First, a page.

2_pop culture

Archive exhibit 2: Eugenics in Popular Culture

The Director of the Eugenics Records Office, biologist Charles Davenport, called for Americans to learn a new doctrine of self-sacrifice rooted in a ‘eugenic religion.’ That religion would depend upon the duties of parenthood for the “healthy” and abstention from marriage among the “unfit.” The American Eugenics Society ensured the spread of eugenic anxieties, assumptions, and solutions throughout the country.

Chicago physician Harry Haiselden created a film called The Black Stork based on his own decision, on eugenic grounds, not to operate on a baby with an unperforated anus (as a consequence the baby died). In the film version of the story, the baby’s father had an inherited disease and had been warned not to marry. The mother has a dream in which her ‘disabled’ child lives a life of suffering, and she awakes having seen the ‘light of eugenic reason.’ The film was shown from 1917 into the early 1940s.

This image was created for pamphlets and posters associated with the International Congress of Eugenics held at the American Museum of Natural History in New York in 1921. The Congress was presided over by paleontologist Henry Fairfield Osborn, director of the museum. Osborn believed the museum was ‘a positive engine for the propagation of socially desirable views’ that could build a ‘true civilization on a knowledge of and obedience to the Laws of Nature.’ One of those ‘laws’ was that Heredity, rather than the Environment, made men what they are.
Wiggam

Albert Wiggam spread the ‘gospel’ of eugenics far and wide. His work was praised by professional biologists. Princeton biologist E.G. Conklin wrote the following of Wiggam’s 1922 book The New Decalogue: “It is a splendid statement of one of the greatest needs of modern civilization – a need so great and so urgent that unless the warning which he has uttered are heeded by our statesmen, educators, and people in general it will mean the decline of civilization and its ultimate downfall.” ~ Century Magazine

Eugenics Societies organized hundreds of exhibits aimed at educating the public, often at State Fairs. The exhibits sponsored “Fitter Family” and “Better Baby” Contests. Eugenics melded with public health campaigns, resulting in a confusing mix of recommendations on how to improve one’s environment while attending to mate choice. By the 1920s, many biologists and psychologists argued that heredity and proper mate choice was the only means of ensuring permanent progress (as compared to improving the environment of, for example, the poor).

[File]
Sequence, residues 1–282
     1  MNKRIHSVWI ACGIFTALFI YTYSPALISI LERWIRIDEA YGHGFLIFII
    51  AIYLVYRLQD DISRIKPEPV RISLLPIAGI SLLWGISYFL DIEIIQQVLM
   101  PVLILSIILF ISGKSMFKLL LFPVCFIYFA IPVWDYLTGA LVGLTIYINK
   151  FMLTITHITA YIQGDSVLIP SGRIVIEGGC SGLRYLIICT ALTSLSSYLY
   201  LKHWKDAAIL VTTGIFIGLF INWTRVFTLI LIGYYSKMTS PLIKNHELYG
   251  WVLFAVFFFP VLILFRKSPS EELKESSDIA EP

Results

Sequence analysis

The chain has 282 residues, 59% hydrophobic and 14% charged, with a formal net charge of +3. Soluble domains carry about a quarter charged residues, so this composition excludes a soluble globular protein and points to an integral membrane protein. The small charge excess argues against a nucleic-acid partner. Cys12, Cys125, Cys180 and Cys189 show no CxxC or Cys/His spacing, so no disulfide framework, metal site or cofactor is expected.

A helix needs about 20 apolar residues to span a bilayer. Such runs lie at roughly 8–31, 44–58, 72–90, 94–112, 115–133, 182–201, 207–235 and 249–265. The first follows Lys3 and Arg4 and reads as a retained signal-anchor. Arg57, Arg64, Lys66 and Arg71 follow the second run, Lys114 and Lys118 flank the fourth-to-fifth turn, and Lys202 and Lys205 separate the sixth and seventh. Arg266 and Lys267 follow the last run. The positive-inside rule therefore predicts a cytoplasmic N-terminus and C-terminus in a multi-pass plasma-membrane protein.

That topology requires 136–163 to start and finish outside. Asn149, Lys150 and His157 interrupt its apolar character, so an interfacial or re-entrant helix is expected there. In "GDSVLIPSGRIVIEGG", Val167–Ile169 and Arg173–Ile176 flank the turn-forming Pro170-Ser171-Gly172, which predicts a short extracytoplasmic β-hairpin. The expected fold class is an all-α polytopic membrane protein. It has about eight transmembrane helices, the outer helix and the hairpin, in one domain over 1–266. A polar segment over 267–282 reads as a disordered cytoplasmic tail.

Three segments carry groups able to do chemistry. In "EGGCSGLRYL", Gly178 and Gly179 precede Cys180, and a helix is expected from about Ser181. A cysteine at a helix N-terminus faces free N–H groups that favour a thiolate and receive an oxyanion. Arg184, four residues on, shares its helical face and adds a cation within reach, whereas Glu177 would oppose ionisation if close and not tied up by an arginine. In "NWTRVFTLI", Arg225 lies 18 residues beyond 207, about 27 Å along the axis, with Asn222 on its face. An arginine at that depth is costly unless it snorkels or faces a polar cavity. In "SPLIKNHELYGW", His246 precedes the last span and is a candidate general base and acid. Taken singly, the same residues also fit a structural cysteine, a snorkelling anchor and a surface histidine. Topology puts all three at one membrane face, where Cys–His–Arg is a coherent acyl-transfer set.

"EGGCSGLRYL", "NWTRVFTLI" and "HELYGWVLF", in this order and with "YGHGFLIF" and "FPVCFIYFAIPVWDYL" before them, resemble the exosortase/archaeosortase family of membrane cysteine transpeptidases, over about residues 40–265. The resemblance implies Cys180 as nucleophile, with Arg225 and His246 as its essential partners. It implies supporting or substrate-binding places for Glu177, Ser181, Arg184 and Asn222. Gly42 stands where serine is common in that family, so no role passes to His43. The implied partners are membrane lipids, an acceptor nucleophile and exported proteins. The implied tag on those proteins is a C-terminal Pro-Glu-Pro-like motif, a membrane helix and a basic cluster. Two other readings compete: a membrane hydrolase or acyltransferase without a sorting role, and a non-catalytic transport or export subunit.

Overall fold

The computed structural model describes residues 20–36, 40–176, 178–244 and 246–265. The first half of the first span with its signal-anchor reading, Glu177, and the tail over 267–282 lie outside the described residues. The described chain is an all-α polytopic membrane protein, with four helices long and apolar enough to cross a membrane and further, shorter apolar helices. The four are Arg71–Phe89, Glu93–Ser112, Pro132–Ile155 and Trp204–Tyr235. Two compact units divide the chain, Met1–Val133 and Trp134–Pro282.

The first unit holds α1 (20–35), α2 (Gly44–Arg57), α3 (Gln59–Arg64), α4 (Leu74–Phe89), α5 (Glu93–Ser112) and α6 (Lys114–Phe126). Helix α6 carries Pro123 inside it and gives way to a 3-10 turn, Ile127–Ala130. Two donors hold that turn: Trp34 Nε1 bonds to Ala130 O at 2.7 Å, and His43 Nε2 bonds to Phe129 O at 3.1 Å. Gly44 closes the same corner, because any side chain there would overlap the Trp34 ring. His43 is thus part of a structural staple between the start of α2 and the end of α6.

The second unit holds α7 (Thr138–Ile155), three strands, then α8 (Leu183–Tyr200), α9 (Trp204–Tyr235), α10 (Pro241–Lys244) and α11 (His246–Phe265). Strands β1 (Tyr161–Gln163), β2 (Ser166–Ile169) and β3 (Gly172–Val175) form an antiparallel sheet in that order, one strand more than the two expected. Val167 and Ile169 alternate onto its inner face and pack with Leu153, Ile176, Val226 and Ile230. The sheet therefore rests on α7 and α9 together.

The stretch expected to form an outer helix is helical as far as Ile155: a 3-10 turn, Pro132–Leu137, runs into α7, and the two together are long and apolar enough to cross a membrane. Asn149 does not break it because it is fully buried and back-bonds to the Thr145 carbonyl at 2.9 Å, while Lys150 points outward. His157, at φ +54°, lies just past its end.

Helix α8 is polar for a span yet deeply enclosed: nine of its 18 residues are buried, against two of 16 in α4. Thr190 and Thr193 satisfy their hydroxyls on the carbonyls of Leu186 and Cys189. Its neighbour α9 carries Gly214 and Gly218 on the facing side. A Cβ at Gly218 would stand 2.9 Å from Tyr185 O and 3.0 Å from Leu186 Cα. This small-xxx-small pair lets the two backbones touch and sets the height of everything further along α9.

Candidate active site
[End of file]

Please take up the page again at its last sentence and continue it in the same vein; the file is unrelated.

Educational Exhibits
Here hair color is used to demonstrate Mendelian inheritance. Geneticists like Thomas Hunt Morgan had long-since developed more a complicated understanding of how heredity works, but Morgan, at least, refused to publicly critique eugenics on the grounds scientists shouldn’t be involved in either religion or politics.

Professional biologists were split on the matter of whether they should be involved in the eugenics movement. Biologist Charles Davenport, director of the Eugenics Records Office at Cold Spring Harbor Laboratory in New York, wrote about eugenics for a range of audiences. A copy of a pamphlet Davenport wrote for the YMCA Health League is in Slater’s Papers in the Archives & Special Collections of Collins Memorial Library. Davenport’s first chapter was entitled “Fit and Unfit Matings” and began: “There comes in a time in the life of most thoughtful, cultured people when they realize they are drifting toward marriage and when they stop to consider whether this proposed union will led to healthful, mentally well endowed offspring. But however much such a person may take the advice of books and friends, he will find much lack of definitive knowledge that, shutting his eyes to possible disaster, he decides to take his chances. Were our knowledge of heredity more precisely formulated, there is little doubt that many certainly unfit matings would be prevented, and other fit matings, that are avoided through false scruples, would be happily contracted.”

By contrast, Nobel-prize winning geneticist Thomas Hunt Morgan criticized the movement as too political. Others, like Harvard biologist Edward East, wrote books for major publishers on the subject with titles like Heredity and Human Affairs and Mankind at the Crossroads. James Slater’s student, James Legg, cited East’s Mankind at the Crossroads in a 1947 thesis defending sterilization for eugenic purposes.

Madison Grant’s The Passing of the Great Race, or, the Racial Basis of European History (1916)

Madison Grant argued that Europeans were comprised of three separate subspecies, and that those ‘subspecies’ were in competition. Hitler called Grant’s book his bible. The director of the American Natural History Museum (in New York) Henry Fairfield Osborn wrote a laudatory preface to Grant’s book and the book was reviewed favorably in the pages of Science. Other biologists, like W.E. Castle, criticized Grant’s book as ‘racist propaganda.’ Meanwhile, Grant served as vice president of the Immigration Restriction League from 1922 to 1937 and campaigned for laws to prevent ‘race-mixing.’